Cubicle captive | BCBusiness

Cubicle captive | BCBusiness
Don't get stuck in cubicle country. Opening up your office can help spark employee creativity and productivity.

Cubicles aren’t the solution to office inefficiency. They’re the problem.

Once, in San Francisco, I visited the offices of the social media tracker Klout. The first thing I noticed was that they had a huge space so big you could play floor hockey in it.

Scattered around were clumps of desks where workers would happily do whatever they did to keep the business running. Not a cubicle to be seen.

Ah, the cubicle. Most of us work in some kind of cube farm or have done so at some point in our lives. And most of us have hated it.

Ever wonder why?

I’m indebted to Mary Colak, an efficiency consultant with Victoria’s MNC Consulting, for the answer. In a blog, Mary points out that cubicles make us sick.

It wasn’t always this way. When cubicles were created by Robert Propst in 1968, he envisioned it as a solution to the loud, clattering and privacy-shattering big-room office.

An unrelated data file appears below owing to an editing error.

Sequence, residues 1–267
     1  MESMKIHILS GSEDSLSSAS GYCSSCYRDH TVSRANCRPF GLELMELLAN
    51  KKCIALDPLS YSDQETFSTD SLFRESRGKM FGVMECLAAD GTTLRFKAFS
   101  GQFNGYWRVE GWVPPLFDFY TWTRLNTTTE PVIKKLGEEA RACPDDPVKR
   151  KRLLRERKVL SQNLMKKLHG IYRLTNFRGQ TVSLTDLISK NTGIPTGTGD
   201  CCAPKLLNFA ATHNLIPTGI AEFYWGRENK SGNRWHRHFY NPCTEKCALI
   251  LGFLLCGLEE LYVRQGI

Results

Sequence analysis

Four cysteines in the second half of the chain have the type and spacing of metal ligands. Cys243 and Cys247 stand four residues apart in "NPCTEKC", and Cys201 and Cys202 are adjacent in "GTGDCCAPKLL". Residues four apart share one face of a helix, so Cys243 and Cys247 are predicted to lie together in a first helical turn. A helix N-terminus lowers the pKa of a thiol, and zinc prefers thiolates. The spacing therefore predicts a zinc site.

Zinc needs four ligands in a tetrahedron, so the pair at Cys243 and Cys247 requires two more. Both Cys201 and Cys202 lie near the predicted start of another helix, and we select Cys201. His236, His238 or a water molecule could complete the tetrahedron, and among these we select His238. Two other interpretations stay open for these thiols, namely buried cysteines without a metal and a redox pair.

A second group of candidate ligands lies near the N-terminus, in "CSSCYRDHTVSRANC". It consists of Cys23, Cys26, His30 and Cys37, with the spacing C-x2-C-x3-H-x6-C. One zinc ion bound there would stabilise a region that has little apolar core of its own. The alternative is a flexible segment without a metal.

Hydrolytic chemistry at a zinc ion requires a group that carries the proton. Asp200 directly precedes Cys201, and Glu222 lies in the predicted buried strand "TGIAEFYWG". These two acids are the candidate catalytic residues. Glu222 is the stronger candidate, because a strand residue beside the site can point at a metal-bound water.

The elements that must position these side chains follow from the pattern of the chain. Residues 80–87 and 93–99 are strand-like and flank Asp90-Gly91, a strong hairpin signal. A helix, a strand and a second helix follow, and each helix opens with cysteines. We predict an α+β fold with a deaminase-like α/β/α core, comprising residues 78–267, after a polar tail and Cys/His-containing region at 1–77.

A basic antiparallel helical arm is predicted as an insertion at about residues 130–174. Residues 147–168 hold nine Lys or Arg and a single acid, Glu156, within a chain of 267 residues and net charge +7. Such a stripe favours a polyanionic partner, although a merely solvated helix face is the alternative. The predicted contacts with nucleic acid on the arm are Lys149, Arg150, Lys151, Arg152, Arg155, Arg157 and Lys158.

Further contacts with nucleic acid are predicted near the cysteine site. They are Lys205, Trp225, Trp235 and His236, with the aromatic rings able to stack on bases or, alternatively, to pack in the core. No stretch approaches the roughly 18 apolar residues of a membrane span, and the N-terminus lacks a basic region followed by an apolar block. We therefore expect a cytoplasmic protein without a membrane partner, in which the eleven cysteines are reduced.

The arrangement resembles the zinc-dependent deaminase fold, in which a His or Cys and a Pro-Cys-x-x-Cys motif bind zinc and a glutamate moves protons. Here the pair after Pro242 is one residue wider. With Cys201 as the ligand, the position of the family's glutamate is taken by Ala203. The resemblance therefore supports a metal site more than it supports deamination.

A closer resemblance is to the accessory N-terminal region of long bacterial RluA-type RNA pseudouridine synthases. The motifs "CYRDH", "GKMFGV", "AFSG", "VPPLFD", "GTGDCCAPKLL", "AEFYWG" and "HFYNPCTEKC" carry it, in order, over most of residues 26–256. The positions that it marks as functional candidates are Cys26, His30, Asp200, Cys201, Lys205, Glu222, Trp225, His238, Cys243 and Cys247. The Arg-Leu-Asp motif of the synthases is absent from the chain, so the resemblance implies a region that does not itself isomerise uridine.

But over time, companies started to cram more and smaller cubicles into the same spaces until they became the cube farms of today. And efficiency experts and behavioural scientists are realizing that cube workers display all the same characteristics as lab animals confined to cages — stress and stress-related ills.

Cubicles decrease productivity and squelch creativity, which are much needed in business today. They are also responsible for eye and back strain and are blamed for such ills as inhibiting concentration and ruining a worker's sense of well-being.

Mostly they make people who work in them feel like they’re prisoners and faceless drones, which is a large contributor to depression.

Cubicles have become a symbol of everything that’s wrong with working in a big modern office. This is best illustrated by one of the most popular blogs on the Internet today, Pam Slim’s Escape From Cubicle Nation, which trains ex-cube dwellers on the fine points of running their own businesses.

So what can be done about it? The answer, it seems, is to follow the lead of all those young creative businesses like the one I saw in San Francisco and many of the new businesses dotting Gastown and Yaletown.

Tear down those cages and put people in “open areas.” They’ll adjust to whatever noise is there, and they’ll be a lot happier for it.

That means they’ll also be more productive and creative.